Quilts for Survivors encourage quilters to incorporate orange into their quilts so it was the perfect excuse to use this little 'Stomp' print - duck footprints with the occasional word stomp scattered throughout.

This was a fun quilt to make and you can see from the HRT board that I've pinned there's lots more inspiration. So much potential!....M


Sunday, April 09, 2023

The Colours of Easter

We enjoyed our family Easter celebrations yesterday at my sister Betty's. She has been busy quilting her first of two Farmer's Wife quilts and it just continues to be more and more amazing. The colours are really suited for Easter too, so why not take a little peek?

The stitching is simple, following the outlines of the pieces in each block, and oh my, it so effective!

It is such an incredible mix of fabrics, and when you see it quilted it just accentuates the feel of being a tapestry. Luv.

And this little basket block continues to be a favourite. An Easter basket, perhaps?

If you are celebrating Easter this weekend I hope that it was a good one.....M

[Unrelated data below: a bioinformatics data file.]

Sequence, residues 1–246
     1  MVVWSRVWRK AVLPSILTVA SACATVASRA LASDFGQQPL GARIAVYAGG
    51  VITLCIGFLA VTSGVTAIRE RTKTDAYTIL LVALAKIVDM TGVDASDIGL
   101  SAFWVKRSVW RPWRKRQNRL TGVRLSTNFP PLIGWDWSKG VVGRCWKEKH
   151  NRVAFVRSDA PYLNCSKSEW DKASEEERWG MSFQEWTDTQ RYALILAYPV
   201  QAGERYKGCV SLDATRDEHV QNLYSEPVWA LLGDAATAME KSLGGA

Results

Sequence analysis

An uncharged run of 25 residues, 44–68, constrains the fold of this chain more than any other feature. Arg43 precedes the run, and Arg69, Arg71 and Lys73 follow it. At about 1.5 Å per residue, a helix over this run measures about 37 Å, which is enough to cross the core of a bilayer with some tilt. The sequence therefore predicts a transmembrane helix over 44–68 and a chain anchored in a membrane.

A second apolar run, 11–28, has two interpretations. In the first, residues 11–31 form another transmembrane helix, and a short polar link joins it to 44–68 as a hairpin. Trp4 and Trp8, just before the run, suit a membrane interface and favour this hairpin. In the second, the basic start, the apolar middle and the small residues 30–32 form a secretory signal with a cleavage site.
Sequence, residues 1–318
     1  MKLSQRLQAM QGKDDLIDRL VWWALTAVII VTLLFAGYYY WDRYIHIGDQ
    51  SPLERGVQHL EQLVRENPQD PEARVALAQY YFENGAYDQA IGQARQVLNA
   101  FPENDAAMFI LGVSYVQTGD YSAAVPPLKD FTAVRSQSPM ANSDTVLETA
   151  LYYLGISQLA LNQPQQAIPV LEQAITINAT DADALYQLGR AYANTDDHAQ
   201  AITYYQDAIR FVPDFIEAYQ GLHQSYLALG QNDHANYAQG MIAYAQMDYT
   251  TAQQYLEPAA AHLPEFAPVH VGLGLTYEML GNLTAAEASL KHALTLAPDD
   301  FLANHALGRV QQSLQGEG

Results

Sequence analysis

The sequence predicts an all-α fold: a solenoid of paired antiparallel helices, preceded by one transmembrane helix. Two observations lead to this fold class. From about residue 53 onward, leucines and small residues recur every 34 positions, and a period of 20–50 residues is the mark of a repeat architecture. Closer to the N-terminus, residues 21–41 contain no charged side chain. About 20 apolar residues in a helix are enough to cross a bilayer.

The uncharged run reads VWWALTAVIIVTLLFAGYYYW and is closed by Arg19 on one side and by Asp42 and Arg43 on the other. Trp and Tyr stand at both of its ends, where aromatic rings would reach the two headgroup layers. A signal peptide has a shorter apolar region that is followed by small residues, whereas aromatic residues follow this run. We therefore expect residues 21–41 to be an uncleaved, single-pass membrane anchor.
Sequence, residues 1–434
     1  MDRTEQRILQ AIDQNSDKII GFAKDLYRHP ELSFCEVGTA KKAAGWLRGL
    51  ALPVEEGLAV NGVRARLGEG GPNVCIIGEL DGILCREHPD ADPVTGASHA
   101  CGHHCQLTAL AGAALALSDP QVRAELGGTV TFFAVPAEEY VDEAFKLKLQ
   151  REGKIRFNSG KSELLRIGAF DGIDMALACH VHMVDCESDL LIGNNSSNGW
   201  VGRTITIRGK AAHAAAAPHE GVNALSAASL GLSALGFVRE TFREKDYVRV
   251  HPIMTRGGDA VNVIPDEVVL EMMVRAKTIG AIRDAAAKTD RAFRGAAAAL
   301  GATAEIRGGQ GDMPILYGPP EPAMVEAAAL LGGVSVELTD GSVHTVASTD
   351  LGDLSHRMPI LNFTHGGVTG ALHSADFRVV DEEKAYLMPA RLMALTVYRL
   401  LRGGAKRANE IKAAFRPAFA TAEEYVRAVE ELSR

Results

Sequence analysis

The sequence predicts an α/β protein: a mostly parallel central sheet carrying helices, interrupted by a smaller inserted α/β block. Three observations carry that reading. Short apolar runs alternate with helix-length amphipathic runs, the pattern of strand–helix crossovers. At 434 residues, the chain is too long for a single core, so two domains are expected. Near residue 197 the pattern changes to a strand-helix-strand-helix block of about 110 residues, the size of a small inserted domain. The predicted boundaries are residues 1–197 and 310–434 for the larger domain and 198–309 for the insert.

Wednesday, April 05, 2023

Quilts for Survivors

My house has been a bit of a wreck this past month because I've been totally consumed with Quilts for Survivors. Begun in June 2021 by Vanessa Grenier from Missianabie Cree First Nation near Timmins, ON, they hope to send a comfort quilt to any residential school survivor that requests one or that one is requested for, as a symbol of support, respect and love. 

Vanessa and a quilt recipient (photo: Quilts for Survivors)

Quilters and guilds from across the country and around the world have responded in great numbers and almost 3,000 quilts have been sent out to date - not bad for an idea that started around Vanessa's kitchen table with the hopes of sending out possibly a dozen quilts. 

Vanessa regularly shares donations and updates on Facebook and it is extremely touching to see the response of those who receive their quilts. It's also been amazing to see people wanting to be involved. Recently, this post was shared about students from Mount Allison University in Sackville, NB, who have made a quilt which will be going to a survivor in the Maritimes. They were learning to quilt and decided to donate it to a survivor. Love it! (photo: Quilts for Survivors)